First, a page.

There’s ‘Snow’ Place Like Scandinavia
Embrace Winter Like a Pro
Scandinavian countries like Sweden and Denmark have long topped lists of the world’s happiest people. This may seem strange considering these countries can spend half the year in darkness; dusk sets in around 2 p.m. for some Nordic cities in the wintertime. The Scandinavians’ positive outlook on winter likely contributes to their happy demeanors year-round. Instead of looking at the winter months as something to endure, these folks embrace the season and find ways to enjoy it. Here are a couple ways to emulate their attitude.
Beyond working well with the rest of the team, Dr. Eike cites the care she’s able to provide people as well as their pets as a reason why she loves her job.
Try Nordic Skiing
“I really love helping animals. By extension, we’re also able to help people,” she explains. “It’s great to see the relief on someone’s face when they find out their dog is going to be okay or that you can treat whatever is wrong with their cat. Pets really become members of the family, and I’m glad to be able to help the whole family.”
If you’re a seasonal runner but it’s too cold to enjoy your go-to activity this winter, it’s time to diversify. Skiing isn’t the only wintertime option, either. There’s ice skating, ice climbing, and snowshoeing, to name a few. If your knees can’t take downhill skiing or snowboarding anymore, give Nordic skiing a try. It’s less stressful on your body but still a challenging, fun way to enjoy a beautiful day outside.
When Dr. Eike isn’t caring for animals at the hospital, she’s gardening and caring for her own pets at home. She and her husband live on a hobby cattle farm with several cats. Of all their feline companions, Dr. Eike’s favorite is Eddie, who’s described as “very needy.”
There’s no such thing as bad weather, only poor gear. The Fins embrace this mentality wholeheartedly by trekking in subzero temperatures. The key is proper layering. Start with warm base layers that retain heat while allowing air to circulate. Skintight spandex isn’t very effective, so try thermal underwear or wool instead. On top of your base layer, add fleece and then down. If you’ll be somewhere with a lot of moisture, make sure your down is synthetic and waterproof. Your extremities get cold the quickest, so keep them warm with a buff, cozy gloves, hats, and wool socks layered as needed.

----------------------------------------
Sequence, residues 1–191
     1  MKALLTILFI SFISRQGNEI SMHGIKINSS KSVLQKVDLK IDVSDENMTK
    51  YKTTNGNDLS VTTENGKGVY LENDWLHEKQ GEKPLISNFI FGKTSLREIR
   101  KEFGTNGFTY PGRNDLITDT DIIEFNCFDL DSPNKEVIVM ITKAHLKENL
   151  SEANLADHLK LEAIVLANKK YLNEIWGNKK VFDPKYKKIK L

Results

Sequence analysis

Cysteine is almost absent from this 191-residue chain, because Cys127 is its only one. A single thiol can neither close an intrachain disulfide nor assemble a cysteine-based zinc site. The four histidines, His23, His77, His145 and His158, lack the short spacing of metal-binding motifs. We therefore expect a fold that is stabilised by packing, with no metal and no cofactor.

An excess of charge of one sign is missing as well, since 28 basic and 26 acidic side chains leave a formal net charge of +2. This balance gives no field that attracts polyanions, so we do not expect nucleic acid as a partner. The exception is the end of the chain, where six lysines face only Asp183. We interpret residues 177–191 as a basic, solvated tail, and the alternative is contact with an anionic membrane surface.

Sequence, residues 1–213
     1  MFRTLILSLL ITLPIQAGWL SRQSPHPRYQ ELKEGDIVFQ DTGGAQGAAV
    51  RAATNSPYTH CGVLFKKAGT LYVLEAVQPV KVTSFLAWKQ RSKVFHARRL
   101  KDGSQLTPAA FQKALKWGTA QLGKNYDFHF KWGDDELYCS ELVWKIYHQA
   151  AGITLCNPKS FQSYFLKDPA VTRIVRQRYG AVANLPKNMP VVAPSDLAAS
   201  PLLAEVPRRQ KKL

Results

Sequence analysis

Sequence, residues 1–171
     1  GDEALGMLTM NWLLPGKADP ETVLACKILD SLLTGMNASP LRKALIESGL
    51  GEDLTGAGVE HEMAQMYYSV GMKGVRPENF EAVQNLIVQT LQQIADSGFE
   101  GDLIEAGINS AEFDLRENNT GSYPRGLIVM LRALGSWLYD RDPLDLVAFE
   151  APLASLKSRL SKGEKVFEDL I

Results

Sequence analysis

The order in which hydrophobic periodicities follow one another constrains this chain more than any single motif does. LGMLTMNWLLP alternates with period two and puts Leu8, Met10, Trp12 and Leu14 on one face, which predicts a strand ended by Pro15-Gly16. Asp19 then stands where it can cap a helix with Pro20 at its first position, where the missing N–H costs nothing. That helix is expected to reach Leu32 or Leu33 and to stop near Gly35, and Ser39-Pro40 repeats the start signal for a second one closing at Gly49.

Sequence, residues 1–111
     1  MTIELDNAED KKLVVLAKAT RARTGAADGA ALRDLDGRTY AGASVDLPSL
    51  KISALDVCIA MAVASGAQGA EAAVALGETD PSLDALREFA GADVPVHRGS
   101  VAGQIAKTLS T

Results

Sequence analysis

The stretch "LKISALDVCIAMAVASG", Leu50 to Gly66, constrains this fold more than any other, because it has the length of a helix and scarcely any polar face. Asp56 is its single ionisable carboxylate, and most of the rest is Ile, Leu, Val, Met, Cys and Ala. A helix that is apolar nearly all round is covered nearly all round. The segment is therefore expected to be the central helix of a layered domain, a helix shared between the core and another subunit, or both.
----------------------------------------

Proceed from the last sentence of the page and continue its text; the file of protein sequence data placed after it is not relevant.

If the leftovers are your favorite part of Thanksgiving, then this recipe is for you! Show your dog how thankful you are for them with these post-feast dog treats.
1/2 cup cooked sweet potatoes, plain and mashed
Just because it’s cold out doesn’t mean you need to be, too. A day on the slopes would not be complete without a sauna. In Finland, Sweden, and other Nordic countries, taking a sauna is considered a daily ritual for its purported health- boosting and mood-boosting benefits. Age and Ageing health journal has found evidence linking sauna use to a lowered risk for Alzheimer’s disease and dementia.
3/4 cup water
2 cups cooked turkey, finely chopped
2 cups whole wheat flour
Heat oven to 350 F.
2. In a medium bowl, combine sweet potatoes, water, and egg. Add turkey and flour and stir again until dough is thick and sticky. 3. Use a rubber spreader to spread dough evenly on parchment-lined baking sheet, about 1/2-inch thick. Cut dough into small rectangles using a knife or pizza cutter. 4. Bake for 30 minutes, until the dog treats are lightly golden brown. 5. Remove from oven and let treats cool completely. Break treats apart along score lines. 6. Serve fresh or store in refrigerator for up to two weeks.
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